<p>During the start of an academic year and preparing for lock-downs with the pandemic, students and professors alike are often caught in the chaos. Distractions are plentiful as people reconnect from over the break, and individuals navigate new ways of learning and schedules. Information floods in, typically by email and collaboration tooling. Unfortunately, recipients are often ill-prepared to determine if devices are configured with security in mind. New and young students using online learning for the first time are most vulnerable. Seeing that cybercriminals have consistently targeted academic institutions through various threat vectors including phishing campaigns, it would be wise for these education institutions to offer support and training. The training really should be provided prior to providing devices and online system access. It is only through security awareness training that students and staff can make better informed decisions. Partnering with IAM trusted providers to implement two-factor authentication reduces associated risks of unauthorized access to education devices and systems.</p>

Last edited 1 year ago by Niamh Muldoon
Jake Moore
Jake Moore , Cybersecurity Specialist
InfoSec Expert
January 22, 2021 4:05 pm

<p style=\"font-weight: 400;\">It is particularly worrying that some laptops being prepared to hand out to students contain a virus, as one would have thought a proper scan would have highlighted this concern at an earlier stage. However, it is not uncommon to have remnants of computer viruses on second hand machines – which therefore further emphasizes the importance of a thorough scan for malicious software before the initial use.</p> <p style=\"font-weight: 400;\"> </p> <p style=\"font-weight: 400;\">Any good anti malware product would have detected this worm, highlighting how vital it is to have good internet security on all laptops. Gamarue.1 is an old virus from quite a few years ago, but it still has the potential to be dangerous by disabling some functions or hijacking certain permissions to harvest personal information on the device, including passwords. If left untouched, it could also copy itself onto USBs or other connected devices.</p>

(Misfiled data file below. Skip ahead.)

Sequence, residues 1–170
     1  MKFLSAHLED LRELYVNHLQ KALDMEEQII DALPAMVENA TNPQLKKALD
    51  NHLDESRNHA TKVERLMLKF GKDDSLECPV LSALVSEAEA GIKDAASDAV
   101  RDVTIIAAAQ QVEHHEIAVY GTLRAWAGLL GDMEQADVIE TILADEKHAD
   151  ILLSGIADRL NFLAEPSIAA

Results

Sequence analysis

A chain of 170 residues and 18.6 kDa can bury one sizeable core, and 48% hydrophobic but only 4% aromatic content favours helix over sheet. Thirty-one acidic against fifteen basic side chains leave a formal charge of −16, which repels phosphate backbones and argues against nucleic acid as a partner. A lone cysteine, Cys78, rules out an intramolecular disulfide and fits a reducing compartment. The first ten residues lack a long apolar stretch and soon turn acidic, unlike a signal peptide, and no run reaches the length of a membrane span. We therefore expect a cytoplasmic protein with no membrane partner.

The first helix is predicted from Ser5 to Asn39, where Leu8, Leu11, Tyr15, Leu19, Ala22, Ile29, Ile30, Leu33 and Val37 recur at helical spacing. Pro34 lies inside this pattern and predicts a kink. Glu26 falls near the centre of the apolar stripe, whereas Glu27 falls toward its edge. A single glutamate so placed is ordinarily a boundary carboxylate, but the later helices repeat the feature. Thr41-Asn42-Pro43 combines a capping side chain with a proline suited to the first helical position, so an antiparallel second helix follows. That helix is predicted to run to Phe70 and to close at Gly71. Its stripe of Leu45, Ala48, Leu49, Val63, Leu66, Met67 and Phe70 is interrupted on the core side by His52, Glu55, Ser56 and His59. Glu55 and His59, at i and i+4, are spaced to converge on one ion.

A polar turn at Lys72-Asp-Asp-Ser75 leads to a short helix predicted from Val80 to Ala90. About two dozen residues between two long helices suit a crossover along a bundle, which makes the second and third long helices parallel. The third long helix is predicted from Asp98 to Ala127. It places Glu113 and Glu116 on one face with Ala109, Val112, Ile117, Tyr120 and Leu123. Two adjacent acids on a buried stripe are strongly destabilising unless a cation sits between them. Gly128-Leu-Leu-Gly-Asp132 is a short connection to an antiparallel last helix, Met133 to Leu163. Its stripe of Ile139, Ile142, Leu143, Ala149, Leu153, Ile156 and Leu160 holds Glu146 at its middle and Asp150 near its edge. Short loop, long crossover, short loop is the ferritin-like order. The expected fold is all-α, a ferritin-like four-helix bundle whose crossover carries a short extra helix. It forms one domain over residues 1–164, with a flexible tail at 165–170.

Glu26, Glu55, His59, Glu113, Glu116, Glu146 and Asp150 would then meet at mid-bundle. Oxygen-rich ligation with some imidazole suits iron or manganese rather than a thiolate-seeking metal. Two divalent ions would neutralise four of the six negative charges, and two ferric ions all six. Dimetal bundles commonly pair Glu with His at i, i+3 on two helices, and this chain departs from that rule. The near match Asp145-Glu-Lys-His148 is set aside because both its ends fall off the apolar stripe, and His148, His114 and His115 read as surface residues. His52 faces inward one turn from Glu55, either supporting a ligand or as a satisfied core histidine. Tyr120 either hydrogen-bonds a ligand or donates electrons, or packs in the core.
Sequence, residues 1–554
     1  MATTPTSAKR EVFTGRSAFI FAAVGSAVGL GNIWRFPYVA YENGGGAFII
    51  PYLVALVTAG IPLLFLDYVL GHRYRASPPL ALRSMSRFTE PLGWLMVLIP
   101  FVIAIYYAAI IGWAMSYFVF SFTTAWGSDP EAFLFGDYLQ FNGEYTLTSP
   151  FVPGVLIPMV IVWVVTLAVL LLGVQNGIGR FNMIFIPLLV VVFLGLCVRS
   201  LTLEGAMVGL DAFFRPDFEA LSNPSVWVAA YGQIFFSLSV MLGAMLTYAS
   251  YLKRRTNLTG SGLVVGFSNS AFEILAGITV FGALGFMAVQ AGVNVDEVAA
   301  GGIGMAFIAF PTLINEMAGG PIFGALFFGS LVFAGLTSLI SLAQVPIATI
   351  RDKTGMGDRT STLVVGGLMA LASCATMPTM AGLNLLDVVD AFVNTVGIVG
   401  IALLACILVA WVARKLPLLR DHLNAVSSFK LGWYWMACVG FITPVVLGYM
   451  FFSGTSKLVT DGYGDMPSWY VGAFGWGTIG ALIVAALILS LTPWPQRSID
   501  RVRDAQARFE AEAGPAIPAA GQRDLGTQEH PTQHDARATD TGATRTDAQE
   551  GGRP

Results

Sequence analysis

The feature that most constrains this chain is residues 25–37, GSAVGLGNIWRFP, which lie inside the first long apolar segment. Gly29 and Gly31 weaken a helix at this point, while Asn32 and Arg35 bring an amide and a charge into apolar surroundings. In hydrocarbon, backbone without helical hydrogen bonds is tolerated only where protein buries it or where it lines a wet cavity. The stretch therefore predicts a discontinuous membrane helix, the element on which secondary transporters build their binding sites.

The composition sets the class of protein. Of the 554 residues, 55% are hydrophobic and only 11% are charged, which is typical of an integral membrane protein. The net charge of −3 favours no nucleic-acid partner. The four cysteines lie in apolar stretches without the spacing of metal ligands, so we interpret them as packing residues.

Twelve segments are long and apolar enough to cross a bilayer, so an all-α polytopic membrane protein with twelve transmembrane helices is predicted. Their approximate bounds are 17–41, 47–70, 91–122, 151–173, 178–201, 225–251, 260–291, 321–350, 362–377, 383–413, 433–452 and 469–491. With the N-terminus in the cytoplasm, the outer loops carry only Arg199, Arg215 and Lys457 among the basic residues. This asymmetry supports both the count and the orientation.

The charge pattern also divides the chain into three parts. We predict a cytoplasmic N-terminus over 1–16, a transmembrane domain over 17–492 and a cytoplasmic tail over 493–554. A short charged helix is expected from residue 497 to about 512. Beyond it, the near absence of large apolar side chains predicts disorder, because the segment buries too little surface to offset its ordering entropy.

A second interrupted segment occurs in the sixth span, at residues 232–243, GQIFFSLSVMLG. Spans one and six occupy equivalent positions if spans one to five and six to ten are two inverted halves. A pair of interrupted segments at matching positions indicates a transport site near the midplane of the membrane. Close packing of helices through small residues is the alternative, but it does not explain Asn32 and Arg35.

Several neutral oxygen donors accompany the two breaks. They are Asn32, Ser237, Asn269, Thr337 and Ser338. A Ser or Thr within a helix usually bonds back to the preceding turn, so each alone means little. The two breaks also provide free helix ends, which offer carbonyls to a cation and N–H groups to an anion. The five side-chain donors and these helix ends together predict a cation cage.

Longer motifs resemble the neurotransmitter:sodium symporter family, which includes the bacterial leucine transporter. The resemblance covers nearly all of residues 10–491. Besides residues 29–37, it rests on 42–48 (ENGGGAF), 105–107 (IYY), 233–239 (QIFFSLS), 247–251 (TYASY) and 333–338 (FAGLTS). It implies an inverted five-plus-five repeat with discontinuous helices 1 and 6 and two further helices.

Last edited 1 year ago by Jake Moore
George Glass
George Glass , Head of Threat Intelligence
InfoSec Expert
January 22, 2021 4:07 pm

<p>The fact that these devices were not checked and scrubbed before being sent to vulnerable children is a concern. The Gamarue worm is not a new malware strain, it was first discovered in 2011 and is just one example of hundreds of such threats that may reside on old, unchecked devices. </p> <p> </p> <p>Gamarue is able to spread across a user’s local network and is also capable of installing additional strains of malware. If such an old worm was discovered on these machines it may not be the only nasty surprise. It’s certainly possible that newer and more severe malware strains are present on devices too.  </p> <p> </p> <p>Any families in receipt of a laptop should ensure that antivirus software is installed.  As an added precaution, people should also avoid using these devices for anything other than learning. For instance, they shouldn’t be used for accessing email and online bank accounts. If an infection is detected, then the laptop should be powered down immediately and returned to the local authority for inspection.</p>

Last edited 1 year ago by George Glass
Laurie Mercer
Laurie Mercer , Security Engineer
InfoSec Expert
January 25, 2021 3:10 pm

<p>This is not the first time schools have had to switch to remote working so the discovery of malware found on laptops handed out by the government is frustrating. Homeschooling is now the de-facto standard for all, yet this school was relying on software that is 9 years out of date. This is a lifetime in the security world when you think about everything that has happened since 2012 – Heartbleed, Wannacry, NotPetya, and the recent SolarWinds breach. The UK aspires to be the safest place to live and work online. The function of schools is to prepare young people for being responsible adults and members of society. Teaching children to use out of date unpatched software riddled with malware is setting poor norms. These laptops are the turkey twizlers of the information world, unhealthy and setting up the next generation for poor cyber health.</p>

Last edited 1 year ago by Laurie Mercer